The business of luxury goods retailing has been hit by a “perfect storm” of global macro headwinds over the last 2-3 years, despite the absence of a U.S. or European recession. According to Morningstar, luxury retailers’ stock prices are down by over 2% annualized over the last three years, underperforming the S&P 500 by more than 12% on an annualized basis. Even Tiffany & Co (TIF), one of the world’s most well-known luxury jewelers and brands, has not been immune. TIF’s stock price peaked in November 2014 at $108 a share. Today, it is trading at around $72 a share. Over the last three years, TIF is down by about 1.6% annualized, just slightly outperforming its luxury retailing peers.
In particular, the bear market in TIF and other luxury retailers have been plagued by the following headwinds:
• A strong dollar which has reduced international tourist traffic and spending in many U.S. gateway cities, particularly New York City (on the corner of Fifth Avenue and 57th Street) where TIF has its biggest store and which contributes 9% of the firm’s revenues (note that TIF has over 300 stores around the world);
• An ongoing anti-graft crackdown on Chinese government officials, which has reduced Chinese luxury retail spending across the board; same-store sales at TIF’s Asia-Pacific ex. Japan region (which makes up 24% of worldwide sales) were down by 9% on a constant-currency basis during the most recent quarter;
• A two-year bear market in crude oil prices, leading to a 22% same-store sales decline in the United Arab Emirates (UAE) region, where TIF has five stores.
For the most recent Q2 2016 quarter (ending July 31, 2016), TIF reported EPS of $0.84, beating expectations of $0.72, due to gross margin expansion and a decline in SG&A expenses. For the full fiscal year 2016 (ending January 31, 2017), however, management remains cautious and is still expecting low-single digits decline in sales and mid-single digits decline in EPS.
Ultimately, I believe these global macro headwinds are transient in nature. TIF is still making positive economic returns in today’s environment, and should thrive once the global macro headwinds dissipate or turn into global macro tailwinds.
TIF has a market value of $9.0 billion and a dividend yield of 2.5%. I find TIF to be a compelling long-term investment for three reasons.
1. TIF’s current “perfect storm” of global macro headwinds will turn into tailwinds in 2017
The U.S. dollar index actually peaked in December 2015 and has since declined by 4%. Just as important, the price of crude oil is up by more than 60% since its February low. On the margin, the recent weakness in the U.S. dollar and the accompanying strength in oil prices should boost European/Japanese luxury retail and tourist spending, along with luxury retail spending in the UAE, respectively. Indeed, while FY 2016 EPS is projected to decline by mid-single digits (from $3.83 ex. charges in FY 2015 EPS) to a consensus of $3.60, consensus estimates for FY 2017 EPS is around $3.90, an 8% rise from the current fiscal year.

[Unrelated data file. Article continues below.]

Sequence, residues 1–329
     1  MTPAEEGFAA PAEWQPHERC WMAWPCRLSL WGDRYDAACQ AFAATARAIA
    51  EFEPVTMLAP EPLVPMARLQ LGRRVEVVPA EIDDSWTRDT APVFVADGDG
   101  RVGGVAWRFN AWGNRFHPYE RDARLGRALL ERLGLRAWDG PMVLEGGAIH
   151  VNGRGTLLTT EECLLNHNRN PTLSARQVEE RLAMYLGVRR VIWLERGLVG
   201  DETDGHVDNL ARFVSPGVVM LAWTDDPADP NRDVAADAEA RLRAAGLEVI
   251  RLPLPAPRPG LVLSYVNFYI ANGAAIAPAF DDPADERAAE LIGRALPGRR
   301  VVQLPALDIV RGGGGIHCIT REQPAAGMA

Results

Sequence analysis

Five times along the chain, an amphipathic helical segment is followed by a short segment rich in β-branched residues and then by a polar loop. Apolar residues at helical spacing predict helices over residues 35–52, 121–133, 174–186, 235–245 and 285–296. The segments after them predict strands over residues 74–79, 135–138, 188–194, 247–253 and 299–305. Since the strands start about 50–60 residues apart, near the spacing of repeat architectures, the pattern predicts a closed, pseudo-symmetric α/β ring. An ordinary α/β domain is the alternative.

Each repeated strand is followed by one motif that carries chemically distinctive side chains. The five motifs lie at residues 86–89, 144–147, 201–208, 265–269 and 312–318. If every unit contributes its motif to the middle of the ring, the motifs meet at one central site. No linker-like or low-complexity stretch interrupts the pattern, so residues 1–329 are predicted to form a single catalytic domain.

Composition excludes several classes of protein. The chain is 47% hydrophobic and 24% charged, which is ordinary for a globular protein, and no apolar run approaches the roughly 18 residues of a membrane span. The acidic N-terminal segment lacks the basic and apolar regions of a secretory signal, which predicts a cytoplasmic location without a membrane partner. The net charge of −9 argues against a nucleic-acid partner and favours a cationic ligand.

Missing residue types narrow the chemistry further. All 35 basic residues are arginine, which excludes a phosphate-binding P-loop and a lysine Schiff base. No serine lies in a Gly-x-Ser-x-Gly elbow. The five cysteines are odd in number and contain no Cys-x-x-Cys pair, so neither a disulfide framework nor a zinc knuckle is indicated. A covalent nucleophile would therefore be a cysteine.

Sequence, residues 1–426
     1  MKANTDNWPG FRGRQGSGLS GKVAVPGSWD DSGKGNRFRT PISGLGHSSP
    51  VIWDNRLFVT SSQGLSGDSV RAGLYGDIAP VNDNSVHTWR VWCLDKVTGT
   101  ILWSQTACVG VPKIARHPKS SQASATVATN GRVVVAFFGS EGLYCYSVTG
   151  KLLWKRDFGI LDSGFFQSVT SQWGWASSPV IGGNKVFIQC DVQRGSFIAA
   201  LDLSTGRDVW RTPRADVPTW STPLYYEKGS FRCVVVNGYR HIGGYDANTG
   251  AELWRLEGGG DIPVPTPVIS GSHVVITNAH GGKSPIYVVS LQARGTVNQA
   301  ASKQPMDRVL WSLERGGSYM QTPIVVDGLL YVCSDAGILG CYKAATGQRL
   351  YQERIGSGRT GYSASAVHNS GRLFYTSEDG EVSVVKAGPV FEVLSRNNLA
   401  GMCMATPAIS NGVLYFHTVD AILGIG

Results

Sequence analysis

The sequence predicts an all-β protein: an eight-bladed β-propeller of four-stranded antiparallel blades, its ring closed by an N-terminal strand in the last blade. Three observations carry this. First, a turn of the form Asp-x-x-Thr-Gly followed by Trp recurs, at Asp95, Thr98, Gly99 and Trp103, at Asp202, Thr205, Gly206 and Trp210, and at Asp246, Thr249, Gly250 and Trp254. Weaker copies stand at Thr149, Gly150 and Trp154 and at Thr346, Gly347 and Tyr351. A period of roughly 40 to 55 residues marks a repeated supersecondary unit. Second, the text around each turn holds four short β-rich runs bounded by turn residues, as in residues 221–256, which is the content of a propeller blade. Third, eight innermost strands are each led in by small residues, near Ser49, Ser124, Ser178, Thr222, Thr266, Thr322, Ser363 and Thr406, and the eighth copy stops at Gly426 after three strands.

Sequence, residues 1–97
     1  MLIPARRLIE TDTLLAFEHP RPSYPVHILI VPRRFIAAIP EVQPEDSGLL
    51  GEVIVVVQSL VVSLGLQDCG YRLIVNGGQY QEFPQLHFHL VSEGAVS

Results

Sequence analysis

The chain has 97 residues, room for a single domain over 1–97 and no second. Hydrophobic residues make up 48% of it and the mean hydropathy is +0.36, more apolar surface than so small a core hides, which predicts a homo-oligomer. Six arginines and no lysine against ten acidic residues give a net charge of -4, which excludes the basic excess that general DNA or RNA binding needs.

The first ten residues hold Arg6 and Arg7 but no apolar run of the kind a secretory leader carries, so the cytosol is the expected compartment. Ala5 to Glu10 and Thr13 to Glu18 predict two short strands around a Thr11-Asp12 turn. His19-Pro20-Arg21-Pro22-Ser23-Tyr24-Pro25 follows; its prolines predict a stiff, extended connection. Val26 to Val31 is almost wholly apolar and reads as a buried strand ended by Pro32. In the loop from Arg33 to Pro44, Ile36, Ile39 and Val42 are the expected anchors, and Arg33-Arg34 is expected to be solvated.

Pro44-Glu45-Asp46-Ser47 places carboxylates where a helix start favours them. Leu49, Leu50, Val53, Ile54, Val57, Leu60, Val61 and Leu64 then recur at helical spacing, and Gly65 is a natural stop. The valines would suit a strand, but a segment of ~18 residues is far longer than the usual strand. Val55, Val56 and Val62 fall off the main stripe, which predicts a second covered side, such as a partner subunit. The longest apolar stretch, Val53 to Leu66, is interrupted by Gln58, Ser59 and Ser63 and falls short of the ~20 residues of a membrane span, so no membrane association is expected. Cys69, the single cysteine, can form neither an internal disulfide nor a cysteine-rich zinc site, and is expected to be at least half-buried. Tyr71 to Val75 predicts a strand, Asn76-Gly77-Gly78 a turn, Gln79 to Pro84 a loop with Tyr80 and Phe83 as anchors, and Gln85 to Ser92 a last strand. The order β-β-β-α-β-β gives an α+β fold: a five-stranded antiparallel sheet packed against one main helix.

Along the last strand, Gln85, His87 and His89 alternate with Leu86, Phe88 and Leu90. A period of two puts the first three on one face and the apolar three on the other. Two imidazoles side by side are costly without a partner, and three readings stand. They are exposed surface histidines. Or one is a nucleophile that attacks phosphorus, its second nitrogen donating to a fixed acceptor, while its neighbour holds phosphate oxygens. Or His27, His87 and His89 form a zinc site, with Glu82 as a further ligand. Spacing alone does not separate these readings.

By far the most important determinant of TIF’s future growth is the rise of the Chinese consumer. Sales in the Asia Pacific ex. Japan region has been weak since the acceleration of the Chinese government’s anti-graft crackdown in 2014 and the unexpected devaluation of the Chinese currency, the RMB, in August 2015. Fortunately, the negative effects of these two events are waning. Underpinned by double-digit increases in retail sales, Tiffany’s mainland Chinese same-store sales remain positive (much of the Asia-Pacific decline centered on TIF’s nine Hong Kong stores); moreover, since peaking at 6.7 RMB in early July, the U.S. dollar has stabilized against the Chinese RMB. With Chinese FOREX reserves having stabilized, I do not expect the Chinese RMB devalue again in the near future. As such, Chinese consumers should continue to be a strong driver of TIF’s growth in the long run.
2. TIF is still one of the world’s most well-known and valuable luxury retail brands
It is no secret that a substantial portion of the world’s jewelry buyers will pay a premium for the “Tiffany brand,” as exemplified by TIF’s gross margins of 61%, versus Signet’s gross margins of 37%, for example. 180 years after its founding, the company’s brand name is as strong as ever, particularly with luxury and aspirational consumers in the Asia-Pacific region. TIF is ranked in the top 20 of North America’s most valuable retail brands by Interbrand; it also ranks as the number one digital brand in the jewelry and watch category by the industry intelligence firm L2. TIF’s long-time history and brand name recognition in the diamond industry also allows the firm to directly source most of their diamonds from miners (while other jewelers have to work through wholesalers), which is accretive to TIF’s gross margins.
3. TIF is undervalued
Excluding its 2013 fiscal year results (when TIF paid $449 million to Swatch in an arbitration suit), TIF’s post-global-financial-crisis P/E ratio averaged 21.4. Today, TIF is trading at a 12-month forward P/E ratio of 18.6, about 13% below its post-global-financial-crisis multiple. As TIF resumes its growth path, I expect its P/E to recover to at least 21.4. Applying a P/E of 21.4 to the $3.90 consensus estimate for the fiscal year ending January 31, 2018, I get a price target of $83 a share, equivalent to a conservative projected gain of 16% in TIF’s stock price by the end of the 2017 fiscal year.
Disclosure: Neither I nor does my firm, CB Capital Partners hold any shares in TIF.
Henry To, CFA, CAIA, FRM is Partner & Chief Investment Officer at CB Capital Partners. Established in 2001, CB Capital Partners is a global financial advisory and investment firm headquartered in Newport Beach, California, with an office in Dallas, Texas, Shanghai, China and an affiliate office in Mumbai, India. Visit http://www.cbcapital.com and http://www.cbcapitalresearch.com for more information.